We answer, Sin never humbled any soul. Who has more sin than Satan? And who is prouder? Did sin make our first parents humble? If it did not, how do our brethren suppose that its nature is altered for the better? Who was humbler than Christ? But was he indebted to sin for his humility? Do we not see daily that the more sinful men are, the prouder they are also? Did Mr. Hill never observe that the holier a believer is, the humbler he shows himself? And what is holiness but the reverse of sin? If sin be necessary to make us humble and keep us near Christ, does it not follow that glorified saints, whom all acknowledge to be sinless, are all proud despisers of Christ? If humility is obedience, and if sin is disobedience, is it not as absurd to say that sin will make us humble, i.e. obedient, as it is to affirm that rebellion will make us loyal, and adultery chaste? See we not sin enough, when we look ten or twenty years back, to humble us to the dust for ever, if sin can do it? Need we plead for any more of it in our hearts and lives? If the sins of our youth do not humble us, are the sins of our old age likely to do it? If we contend for the life of the man of sin that he may subdue our pride, do we not take a large stride after those who say, Let us sin that grace may abound. Let us continue full of indwelling sin that humility may increase! What is, after all, the evangelical method of getting humility? Is it not to look at Christ in the manger, in Gethsemane, or on the cross; to consider him when he washes his disciples' feet; and obediently to listen to him when he says, "Learn of me to be meek and lowly in heart?" Where does the Gospel plead the cause of the Barabbas, and the thieves within? Where does it say that they may indeed be nailed to the cross, and have "their legs broken," but their life must be left whole within them, lest we should be proud of their death? Lastly: what is indwelling sin but indwelling pride? At least, is not inbred pride one of the chief ingredients of indwelling sin? And how can pride be productive of humility? Can a serpent beget a dove? And will not men gather grapes from thorns, sooner than humility of heart from haughtiness of spirit?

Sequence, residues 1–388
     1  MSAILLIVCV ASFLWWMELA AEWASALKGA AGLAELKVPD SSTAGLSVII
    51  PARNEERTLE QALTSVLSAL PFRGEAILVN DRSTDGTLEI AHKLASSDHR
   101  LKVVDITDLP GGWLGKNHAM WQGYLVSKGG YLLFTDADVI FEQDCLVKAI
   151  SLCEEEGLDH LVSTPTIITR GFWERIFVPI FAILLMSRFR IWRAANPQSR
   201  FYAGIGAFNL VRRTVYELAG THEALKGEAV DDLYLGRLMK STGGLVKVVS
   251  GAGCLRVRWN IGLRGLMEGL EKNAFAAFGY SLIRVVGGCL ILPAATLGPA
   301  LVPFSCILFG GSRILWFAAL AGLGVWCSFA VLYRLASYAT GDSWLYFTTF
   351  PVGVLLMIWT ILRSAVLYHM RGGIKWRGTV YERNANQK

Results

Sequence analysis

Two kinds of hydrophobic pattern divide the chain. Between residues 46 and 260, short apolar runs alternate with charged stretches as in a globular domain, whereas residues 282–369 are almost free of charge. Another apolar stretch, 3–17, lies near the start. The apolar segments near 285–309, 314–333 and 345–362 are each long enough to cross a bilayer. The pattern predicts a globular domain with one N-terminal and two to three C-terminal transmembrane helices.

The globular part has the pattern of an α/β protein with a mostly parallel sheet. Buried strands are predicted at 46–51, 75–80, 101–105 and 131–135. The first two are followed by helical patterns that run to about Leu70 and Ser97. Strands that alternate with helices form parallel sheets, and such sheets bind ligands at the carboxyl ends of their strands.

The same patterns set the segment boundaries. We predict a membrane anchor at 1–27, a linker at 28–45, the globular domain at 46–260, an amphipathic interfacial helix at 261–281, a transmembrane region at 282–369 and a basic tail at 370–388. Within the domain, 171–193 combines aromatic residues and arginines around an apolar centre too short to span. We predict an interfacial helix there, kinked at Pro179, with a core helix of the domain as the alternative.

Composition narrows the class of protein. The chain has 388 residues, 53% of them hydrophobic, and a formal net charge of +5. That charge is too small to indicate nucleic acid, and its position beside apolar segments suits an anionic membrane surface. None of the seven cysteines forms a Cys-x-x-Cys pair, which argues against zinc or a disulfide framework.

IX. The strange mistake which I detect would not be so prevalent among our prejudiced brethren, if they were not deceived by the plausibility of the following argument:"When believers are humbled for a thing, they are humbled by it: but believers are humbled for sin; and therefore they are humbled by sin."

The flaw of this argument is in the first proposition. We readily grant that penitents are humbled for sin; or, in other terms, that they humbly repent of sin; but we deny that they are humbled by sin. To show the absurdity of the whole argument, I need only produce a sophism exactly parallel: "When people are blooded for a thing, they are blooded by it: but people are sometimes blooded for a cold; and therefore people are sometimes blooded by a cold."

X. "We do not assert that all perfection is imaginary. Our meaning is, that all Christian perfection is in Christ; and that we are perfect in his person, and not in our own."

ANSWER. If you mean by our being perfect only in Christ, that we can attain to Christian perfection no other way, than by being perfectly grafted in him, the true vine; and by deriving, like vigorous branches, the perfect sap of his perfect righteousness, to enable us to bring forth fruit unto perfection, we are entirely agreed: for we perpetually assert that nothing but "Christ in us the hope of glory," nothing but "Christ dwelling in our hearts by faith," or, which is all one, nothing but "the law of the Spirit of life in Christ Jesus, can make us free from the law of sin, and perfect us in love."

But as we never advanced that Christian perfection is attainable any other way than by a faith that "roots and grounds us" in Christ, we doubt some mystery of iniquity lies hid under these equivocal phrases: "All our perfection is in Christ's person: we are perfect in him and not in ourselves."